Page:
The Sinner

When Brahma-Datta ruled Banaras, a wealthy merchant lived in that city with a son named Mitra-vindaka: This Mitra-vindaka was a wicked unbeliever.

After his father’s Death, his mother tried to persuade him to give alms, practise virtue and follow the Dharma. The boy turned a deaf ear to his mother and refused to change his way of life.

On a full-moon day, the mother said to Mitra-Vindaka, “Son, it is a holy day. There will be preaching all night. Take the vows, go to the abbey and listen to the Law. When you return, I will give you a thousand pieces of money.”

For the sake of the money, Mitra-vindaka consented. He went to the abbey, but instead of listening to the Law, he lay down in a corner and slept. Early in the morning, he washed his face and went home.

The mother, expecting her son to return with the Elder who preached the Law, prepared food and awaited them. She was disappointed to see the son come alone.

“Why did you not bring the preacher?” she asked.

“No preacher for me, mother,” Mitra-vindaka replied.

He ate his food, took a thousand pieces of money from his mother, and continued his business.

Soon he gained a sum of two million in trade.

“With this money,” he speculated, “I shall buy a ship and trade across the seas and make more money!”

He bought the ship, loaded it with cargo and went to his mother to tell her that he was going on the seas.

“You are my only son,” said the mother. “You have so much money. What more do you want? It is dangerous to go on the seas. Do not go.”

Mitra-vindaka, however, insisted on going. The mother caught him by the hand and implored him to stay. The boy struck her down and was gone. Soon he was underway.

The ship sailed for seven days on the sea without a hitch. But on the eighth day, in mid-ocean, it became immovable. Lots were cast to find out which one aboard was the cause of the mishap, and Mitra-vindaka got the lot.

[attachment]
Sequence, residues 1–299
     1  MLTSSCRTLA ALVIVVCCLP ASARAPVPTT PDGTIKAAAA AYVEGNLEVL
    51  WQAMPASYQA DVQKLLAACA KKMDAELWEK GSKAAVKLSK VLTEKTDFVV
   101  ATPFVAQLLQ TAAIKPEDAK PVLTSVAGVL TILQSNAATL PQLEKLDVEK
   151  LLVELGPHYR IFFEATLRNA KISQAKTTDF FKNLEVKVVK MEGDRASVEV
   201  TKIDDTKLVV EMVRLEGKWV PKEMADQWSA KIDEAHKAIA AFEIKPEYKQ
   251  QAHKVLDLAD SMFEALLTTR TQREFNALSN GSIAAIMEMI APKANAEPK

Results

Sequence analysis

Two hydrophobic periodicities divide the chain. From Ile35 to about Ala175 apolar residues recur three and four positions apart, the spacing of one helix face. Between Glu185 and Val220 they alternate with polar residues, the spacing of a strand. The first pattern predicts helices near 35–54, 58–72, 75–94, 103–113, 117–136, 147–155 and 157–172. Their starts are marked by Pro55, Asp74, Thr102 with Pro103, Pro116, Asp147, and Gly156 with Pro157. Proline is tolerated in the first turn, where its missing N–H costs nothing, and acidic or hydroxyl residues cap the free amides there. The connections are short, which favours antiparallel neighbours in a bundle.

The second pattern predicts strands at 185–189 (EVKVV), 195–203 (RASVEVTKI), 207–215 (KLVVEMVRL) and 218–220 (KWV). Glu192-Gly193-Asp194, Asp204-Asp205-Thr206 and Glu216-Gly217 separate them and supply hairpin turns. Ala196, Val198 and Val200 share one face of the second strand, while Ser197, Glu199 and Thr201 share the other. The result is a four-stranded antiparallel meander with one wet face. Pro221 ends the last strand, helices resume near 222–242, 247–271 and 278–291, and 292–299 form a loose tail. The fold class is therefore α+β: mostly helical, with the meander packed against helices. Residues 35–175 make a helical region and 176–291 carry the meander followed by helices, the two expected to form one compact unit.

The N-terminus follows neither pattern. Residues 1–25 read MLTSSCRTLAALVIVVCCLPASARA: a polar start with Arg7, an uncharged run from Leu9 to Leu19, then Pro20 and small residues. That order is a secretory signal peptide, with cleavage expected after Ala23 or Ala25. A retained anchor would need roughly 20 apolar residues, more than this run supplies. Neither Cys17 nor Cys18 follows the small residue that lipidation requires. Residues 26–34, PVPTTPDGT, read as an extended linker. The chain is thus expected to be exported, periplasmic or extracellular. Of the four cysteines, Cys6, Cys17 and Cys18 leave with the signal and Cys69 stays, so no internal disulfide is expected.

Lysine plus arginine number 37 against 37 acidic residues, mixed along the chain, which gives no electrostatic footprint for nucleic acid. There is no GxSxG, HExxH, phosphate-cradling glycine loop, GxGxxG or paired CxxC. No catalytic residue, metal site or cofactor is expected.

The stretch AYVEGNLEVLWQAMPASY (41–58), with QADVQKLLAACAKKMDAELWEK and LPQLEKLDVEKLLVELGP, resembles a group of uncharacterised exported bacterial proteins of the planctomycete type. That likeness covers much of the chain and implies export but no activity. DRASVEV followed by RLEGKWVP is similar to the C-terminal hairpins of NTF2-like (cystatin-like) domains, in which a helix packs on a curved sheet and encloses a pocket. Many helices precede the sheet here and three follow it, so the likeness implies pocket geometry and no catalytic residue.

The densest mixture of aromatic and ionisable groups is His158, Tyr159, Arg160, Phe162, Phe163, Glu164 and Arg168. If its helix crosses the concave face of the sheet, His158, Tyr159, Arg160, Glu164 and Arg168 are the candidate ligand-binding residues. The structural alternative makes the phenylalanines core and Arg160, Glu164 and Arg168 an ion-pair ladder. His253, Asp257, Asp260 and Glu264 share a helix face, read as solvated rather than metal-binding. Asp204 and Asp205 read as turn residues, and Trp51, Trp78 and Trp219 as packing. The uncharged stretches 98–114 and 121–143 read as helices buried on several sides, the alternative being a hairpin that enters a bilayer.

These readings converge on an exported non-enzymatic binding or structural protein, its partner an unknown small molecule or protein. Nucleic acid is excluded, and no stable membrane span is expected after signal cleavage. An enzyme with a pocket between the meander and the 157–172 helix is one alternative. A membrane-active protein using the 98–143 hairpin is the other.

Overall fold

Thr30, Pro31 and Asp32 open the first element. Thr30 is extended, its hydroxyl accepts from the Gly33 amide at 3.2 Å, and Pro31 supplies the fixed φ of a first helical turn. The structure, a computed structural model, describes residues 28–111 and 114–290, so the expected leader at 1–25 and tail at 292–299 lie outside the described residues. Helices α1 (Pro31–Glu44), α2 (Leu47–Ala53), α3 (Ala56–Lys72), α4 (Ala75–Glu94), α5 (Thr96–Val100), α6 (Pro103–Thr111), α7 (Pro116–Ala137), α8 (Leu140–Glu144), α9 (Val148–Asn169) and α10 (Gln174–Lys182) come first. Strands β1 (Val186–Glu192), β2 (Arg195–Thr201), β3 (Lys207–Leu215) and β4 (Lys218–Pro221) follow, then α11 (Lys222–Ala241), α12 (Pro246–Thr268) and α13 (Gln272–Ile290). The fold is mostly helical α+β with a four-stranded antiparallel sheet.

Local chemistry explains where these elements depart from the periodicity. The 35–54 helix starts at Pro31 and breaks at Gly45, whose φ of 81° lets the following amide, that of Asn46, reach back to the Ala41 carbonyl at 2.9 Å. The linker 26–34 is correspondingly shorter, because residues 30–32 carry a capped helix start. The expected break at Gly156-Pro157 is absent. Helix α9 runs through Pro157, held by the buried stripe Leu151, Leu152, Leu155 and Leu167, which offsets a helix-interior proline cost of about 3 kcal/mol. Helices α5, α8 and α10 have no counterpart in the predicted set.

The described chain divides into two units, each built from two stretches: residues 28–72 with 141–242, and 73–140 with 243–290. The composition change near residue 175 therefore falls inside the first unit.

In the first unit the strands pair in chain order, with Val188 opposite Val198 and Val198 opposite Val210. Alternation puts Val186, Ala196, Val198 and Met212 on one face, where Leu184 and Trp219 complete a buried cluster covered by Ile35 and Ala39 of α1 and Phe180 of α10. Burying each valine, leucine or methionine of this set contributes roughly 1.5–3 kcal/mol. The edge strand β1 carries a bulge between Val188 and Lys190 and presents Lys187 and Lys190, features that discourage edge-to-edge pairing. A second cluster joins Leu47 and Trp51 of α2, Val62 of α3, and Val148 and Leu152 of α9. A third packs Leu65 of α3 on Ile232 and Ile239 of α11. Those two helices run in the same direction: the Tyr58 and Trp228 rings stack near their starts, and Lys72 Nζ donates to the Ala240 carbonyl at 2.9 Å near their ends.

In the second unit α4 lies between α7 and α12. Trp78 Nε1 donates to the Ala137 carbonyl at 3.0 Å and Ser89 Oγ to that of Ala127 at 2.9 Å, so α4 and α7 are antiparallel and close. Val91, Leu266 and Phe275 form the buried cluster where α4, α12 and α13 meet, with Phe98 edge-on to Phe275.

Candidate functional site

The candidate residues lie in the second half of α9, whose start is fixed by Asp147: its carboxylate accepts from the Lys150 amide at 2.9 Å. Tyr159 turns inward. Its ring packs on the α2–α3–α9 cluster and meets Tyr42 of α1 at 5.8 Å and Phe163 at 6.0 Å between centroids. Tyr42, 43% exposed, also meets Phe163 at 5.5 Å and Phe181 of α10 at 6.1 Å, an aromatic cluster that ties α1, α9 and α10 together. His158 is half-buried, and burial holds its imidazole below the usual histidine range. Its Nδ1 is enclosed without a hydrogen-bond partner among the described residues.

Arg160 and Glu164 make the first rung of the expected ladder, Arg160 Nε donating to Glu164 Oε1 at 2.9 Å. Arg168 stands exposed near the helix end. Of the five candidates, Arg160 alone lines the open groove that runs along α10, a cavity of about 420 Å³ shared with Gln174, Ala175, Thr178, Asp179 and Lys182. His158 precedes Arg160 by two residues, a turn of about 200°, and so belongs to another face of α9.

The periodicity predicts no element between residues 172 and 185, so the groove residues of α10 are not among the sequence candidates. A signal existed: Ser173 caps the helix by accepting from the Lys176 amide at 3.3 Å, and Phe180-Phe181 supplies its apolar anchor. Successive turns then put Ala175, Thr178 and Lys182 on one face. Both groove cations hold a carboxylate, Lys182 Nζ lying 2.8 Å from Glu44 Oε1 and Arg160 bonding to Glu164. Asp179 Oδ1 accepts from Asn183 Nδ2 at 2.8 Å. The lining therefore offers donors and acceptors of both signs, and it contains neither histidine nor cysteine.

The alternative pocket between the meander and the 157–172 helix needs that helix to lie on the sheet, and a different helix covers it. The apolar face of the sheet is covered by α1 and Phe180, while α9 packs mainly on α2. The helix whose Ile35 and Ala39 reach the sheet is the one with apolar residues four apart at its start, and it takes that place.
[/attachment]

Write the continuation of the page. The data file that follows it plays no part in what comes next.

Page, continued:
Thrice the lot was cast, and all three times, Mitra-vindaka got it!

“Let us not perish for the sake of one,” the sailors said to Mitra-vindaka. “You are the cause of trouble. So leave the ship!”

They gave him a raft and cast him adrift on the sea. At once, the ship sprang forward and was gone.

Soon the raft took Mitra-vindaka to an isle.

There he found a crystal palace in which four female spirits of the dead lived. Seven days they spent happily and seven days in woe.

For seven days, he lived with them and was very happy.

Then when their week of woe began, he got on to his raft and went away.

He went to another aisle where he saw eight spirits, lived with them for a week and when their week of woe started, went away to another hall where he lived with sixteen shades and yet another where he lived with thirty- two hearts.

Leaving them, he went on his raft across the sea till he came to a city with four gates and a wall. This was Ussada Hell, but it looked beautiful to him. “I shall enter the city and become its king,” he thought.

He entered the city and saw a man with a razor wheel on his head and fivefold fetters on his breast. The wheel cut into his head; he was bleeding and groaning with pain.

But to Mitra-vindaka, he looked like the King of the place, the wheel like a lotus flower, the letters like rich vesture and his groans like sweet music.

He approached the man and said, “Let me also wear that beautiful lotus on my head. You have been wearing it long enough!”

“Sir, this is no lotus,” said the man. “This is the razor wheel,”

“Ah, because you don’t wish to give it,” Mitra-vindaka said, “you say so!”

“This man is here,” thought the tortured man, “because of smiting his mother, like me. He has come to release me, Must be, I have paid for my sin.”

Then the man put the razor wheel on Mitra-vindaka’s head and departed.

By and by, Bodhisatva, King of the gods, came there on his rounds with a large entourage. He saw Mitra-vindaka with the razor wheel on his head and the fivefold fetters on his breast and halted before him.

“O Lord,” Mitra-vindaka asked him, “how can I get rid of this razor wheel?”

The King of the gods replied, “You had money, but you wanted more. Your desires were never satisfied. Even when you did a good deed, it was only out of selfishness, but not out of a pure heart. You lived with four spirits, then with eight, sixteen, and thirty-two spirits. It bothers me that you didn’t care to tread the highest path of a human being. You rejected the friendly advice of the man bearing the razor wheel before you and brought the wheel on yourself. Now you want to be saved. No one except Death can save you from the wheel!”

Then the Divine Being departed, leaving Mitra-vindaka in misery.

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